You should have a locking cable release — most of these, nowadays, come with the ability to ‘lock’ into position, so depressing the button on the cable release will lock the shutter open. Even though practically all modern cable releases have this locking ability, (they didn’t all used to!) if you’re interested in shooting nighttime photography, you’ll need such a cable release, and you’ll need to make sure the one you choose has the ability to ‘lock’ the camera shutter open indefinitely.
With such a locking cable release you can achieve the effect of what’s known as either a ‘T’ (time) or sometimes a ‘B’ or ‘bulb’ setting, Set your camera for ‘B’, or ‘manual mode’, depending on your particular camera’s terminology, press the cable release and lock it. To complete the exposure, unlock and release the cable release’s button.
A rainy night in the city is great for photography. Search for puddles and expanses of wet pavement that reflect neon signs, shop windows, and lights from passing cars. Precise exposure under these conditions can be difficult to determine, but absolute precision is not really necessary with night photography. A fairly wide range of exposures should give you acceptable results. For a start, try 1/60 of a second at f/2.8 and ISO 100, or 1/125 of a second f/2.8 at ISO 200. But, bracket your exposures!
Don’t have a tripod with you? You can still make steady timed exposures of subjects at night if you’re careful. Find a solid support for your camera — a fence post, the hood of a car, or a railing. If you need to tilt the camera, place a stick, a book, or folded handkerchief under an edge of your camera to give it the desired angle. Use a cable release and avoid accidentally jarring the camera during the exposure. A tripod’s much better, of course, but with this makeshift method you sometimes can get good night shots you’d otherwise miss.
Beware of over exposing your shots In night photography. It may sound paradoxical, perhaps, but the reason is simple. In making a timed exposure of a lighted building after dark, for example, many photographers tend to be overly generous because of the darkness. As a result, the brightly lighted areas become blocked up and lose precious detail. Your goal should be to obtain maximum detail in the important illuminated areas of the picture, and let the dark areas go as they will. Unless you’ve had considerable experience, bracketing is always desirable. Try three exposures: one of the estimated proper time, then on at half that time, and one at twice that amount of time.
Moving light weaves patterns and adds a dynamic touch to night photography. Find a location near a busy city street or highway and set up your camera on a tripod. Select a moment when the traffic is moving and make an ordinary timed exposure. The longer your shutter is open (and the faster the cars are moving), the longer the streaks of light will be.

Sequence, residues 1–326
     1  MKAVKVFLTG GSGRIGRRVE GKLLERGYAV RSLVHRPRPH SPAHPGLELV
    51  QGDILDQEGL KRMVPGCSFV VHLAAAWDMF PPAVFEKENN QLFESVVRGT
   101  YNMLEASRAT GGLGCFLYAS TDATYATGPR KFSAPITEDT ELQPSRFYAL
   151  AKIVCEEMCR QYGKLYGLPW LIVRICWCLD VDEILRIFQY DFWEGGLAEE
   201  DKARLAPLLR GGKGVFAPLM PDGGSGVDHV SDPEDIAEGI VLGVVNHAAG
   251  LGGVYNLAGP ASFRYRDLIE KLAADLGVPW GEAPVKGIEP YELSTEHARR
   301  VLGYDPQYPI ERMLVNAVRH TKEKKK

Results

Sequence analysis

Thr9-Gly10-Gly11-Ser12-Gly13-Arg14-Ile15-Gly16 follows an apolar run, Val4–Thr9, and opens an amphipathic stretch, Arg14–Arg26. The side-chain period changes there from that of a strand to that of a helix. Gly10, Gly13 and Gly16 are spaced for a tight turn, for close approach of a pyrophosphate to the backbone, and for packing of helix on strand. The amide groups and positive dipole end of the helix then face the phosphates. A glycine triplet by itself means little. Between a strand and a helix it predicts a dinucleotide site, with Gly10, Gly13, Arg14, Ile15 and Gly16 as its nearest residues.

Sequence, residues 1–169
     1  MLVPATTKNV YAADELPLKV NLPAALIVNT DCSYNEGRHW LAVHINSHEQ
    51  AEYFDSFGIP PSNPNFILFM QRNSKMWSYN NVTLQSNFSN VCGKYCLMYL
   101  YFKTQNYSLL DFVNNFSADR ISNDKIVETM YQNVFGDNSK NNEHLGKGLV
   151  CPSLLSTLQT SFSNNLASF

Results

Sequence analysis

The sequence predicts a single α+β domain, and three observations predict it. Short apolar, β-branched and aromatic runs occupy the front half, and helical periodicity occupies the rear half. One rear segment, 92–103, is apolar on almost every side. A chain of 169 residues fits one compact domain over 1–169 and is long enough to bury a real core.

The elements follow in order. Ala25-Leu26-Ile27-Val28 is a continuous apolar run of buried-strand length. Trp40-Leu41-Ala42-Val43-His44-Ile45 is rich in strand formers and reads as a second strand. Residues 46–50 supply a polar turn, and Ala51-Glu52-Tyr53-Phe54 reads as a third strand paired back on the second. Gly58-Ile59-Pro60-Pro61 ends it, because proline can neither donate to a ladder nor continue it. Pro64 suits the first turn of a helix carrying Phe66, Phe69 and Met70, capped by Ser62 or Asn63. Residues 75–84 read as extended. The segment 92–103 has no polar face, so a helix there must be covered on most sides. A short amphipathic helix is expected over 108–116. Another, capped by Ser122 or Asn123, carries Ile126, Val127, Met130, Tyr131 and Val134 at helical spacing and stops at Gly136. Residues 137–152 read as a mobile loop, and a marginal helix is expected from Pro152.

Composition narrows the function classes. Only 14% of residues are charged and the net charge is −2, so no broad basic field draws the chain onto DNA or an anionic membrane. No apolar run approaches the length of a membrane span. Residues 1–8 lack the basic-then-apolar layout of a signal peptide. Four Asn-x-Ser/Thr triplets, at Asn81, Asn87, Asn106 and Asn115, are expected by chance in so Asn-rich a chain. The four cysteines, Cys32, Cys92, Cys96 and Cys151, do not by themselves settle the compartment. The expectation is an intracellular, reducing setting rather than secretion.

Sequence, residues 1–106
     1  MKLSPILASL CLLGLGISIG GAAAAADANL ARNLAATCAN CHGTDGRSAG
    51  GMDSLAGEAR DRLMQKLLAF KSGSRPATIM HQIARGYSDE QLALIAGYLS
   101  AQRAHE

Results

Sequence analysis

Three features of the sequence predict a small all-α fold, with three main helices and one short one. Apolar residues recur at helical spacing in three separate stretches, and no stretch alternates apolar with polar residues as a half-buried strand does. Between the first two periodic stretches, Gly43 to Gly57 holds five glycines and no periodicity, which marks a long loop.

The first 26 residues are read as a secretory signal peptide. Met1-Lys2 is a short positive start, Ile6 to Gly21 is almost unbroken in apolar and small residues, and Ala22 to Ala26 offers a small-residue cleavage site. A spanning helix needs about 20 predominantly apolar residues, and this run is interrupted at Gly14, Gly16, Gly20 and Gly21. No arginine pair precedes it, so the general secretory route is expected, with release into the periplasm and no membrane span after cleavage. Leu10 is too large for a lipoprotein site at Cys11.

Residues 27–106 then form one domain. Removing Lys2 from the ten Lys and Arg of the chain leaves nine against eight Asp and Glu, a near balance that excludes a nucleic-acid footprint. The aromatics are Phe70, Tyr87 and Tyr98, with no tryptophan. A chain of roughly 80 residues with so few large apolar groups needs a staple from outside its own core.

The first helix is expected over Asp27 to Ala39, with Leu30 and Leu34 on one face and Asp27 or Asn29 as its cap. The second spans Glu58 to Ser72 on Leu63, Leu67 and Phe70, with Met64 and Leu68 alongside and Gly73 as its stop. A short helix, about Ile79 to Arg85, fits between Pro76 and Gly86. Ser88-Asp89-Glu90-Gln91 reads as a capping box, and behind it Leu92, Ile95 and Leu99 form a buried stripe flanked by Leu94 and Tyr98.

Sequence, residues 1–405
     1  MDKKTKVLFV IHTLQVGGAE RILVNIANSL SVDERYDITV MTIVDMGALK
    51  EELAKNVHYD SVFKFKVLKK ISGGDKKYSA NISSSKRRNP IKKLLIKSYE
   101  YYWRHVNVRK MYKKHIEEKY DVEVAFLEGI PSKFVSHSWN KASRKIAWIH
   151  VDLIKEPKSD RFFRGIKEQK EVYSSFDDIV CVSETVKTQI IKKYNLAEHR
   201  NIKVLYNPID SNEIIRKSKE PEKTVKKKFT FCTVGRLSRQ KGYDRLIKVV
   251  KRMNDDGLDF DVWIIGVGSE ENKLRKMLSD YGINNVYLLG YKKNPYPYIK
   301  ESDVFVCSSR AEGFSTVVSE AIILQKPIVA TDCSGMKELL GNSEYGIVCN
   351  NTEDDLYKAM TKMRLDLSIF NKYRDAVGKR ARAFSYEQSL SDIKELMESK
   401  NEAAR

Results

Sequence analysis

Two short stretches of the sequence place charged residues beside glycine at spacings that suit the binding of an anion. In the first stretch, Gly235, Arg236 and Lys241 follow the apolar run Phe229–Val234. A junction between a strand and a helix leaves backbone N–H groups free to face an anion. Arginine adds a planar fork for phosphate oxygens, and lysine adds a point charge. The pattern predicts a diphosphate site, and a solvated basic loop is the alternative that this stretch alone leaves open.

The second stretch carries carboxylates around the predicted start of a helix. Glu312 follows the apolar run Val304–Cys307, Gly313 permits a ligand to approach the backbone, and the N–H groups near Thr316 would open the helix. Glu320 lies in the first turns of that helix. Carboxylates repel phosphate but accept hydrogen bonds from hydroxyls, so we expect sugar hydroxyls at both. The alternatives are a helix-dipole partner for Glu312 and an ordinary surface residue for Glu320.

When taking flash pictures outdoors at night (at a cookout, poolside party, or what have you) remember to give more exposure than you would indoors. Indoor light is reflected by surrounding walls and ceilings. Outdoors, it scatters to infinity and the usable light falling on your subject is considerably reduced. Open up at least one more stop than with the same flash power, subject and flash distance than you would indoors.
Pictures by moonlight are always an interesting item for conversation and an unexpected change of pace in a slide-show. Choose a clear night with a full or nearly full moon. Find a scene with strong, simple shapes clearly silhouetted against the sky — such as trees, a house, or a building with an interesting roof-line. Include the moon in your picture. Use a tripod and try an exposure of 15 to 20 seconds at around 400ISO as a start, then bracket this exposure.
For way-out abstractions, try this technique: Find some lighted signs against a dark background. Set your camera for a timed exposure and focus on the lights. Open the shutter and move the camera. Then close the shutter. You can create interesting patterns by the way you control your camera’s movement. Jiggle it up and down. Swing it in an arc. Follow an S-shaped path. Make smooth, easy motions and fast, jerky, irregular ones.
Estimating exposure under most night conditions is difficult because the lighting itself can vary so greatly. In fact, precision is not usually possible. Trial and error will give the basis for more accurate judgment, and bracketing your shots will increase the odds that you get at least one good shot. A useful tip is to set the aperture to f/2.8 and the shutter speed to the equivalent of the ISO rating you wish to shoot at, then drop the shutter speed down to the next lowest available setting — so, if you want to shoot at ISO 200, you’d want a shutter speed of 1/200 of second, then drop to the next lowest setting, which would be 1/125 of a second. So, your ‘quick-and-dirty-rule-of-thumb’ image would be taken at f/2.8, 1/125th of a second, ISO 200. Then you’d bracket your exposure by shooting one picture using those settings, and one with the shutter speed dropped down to 1/60th of a second, and a third shot with the shutter speed raised to 1/250th of a second.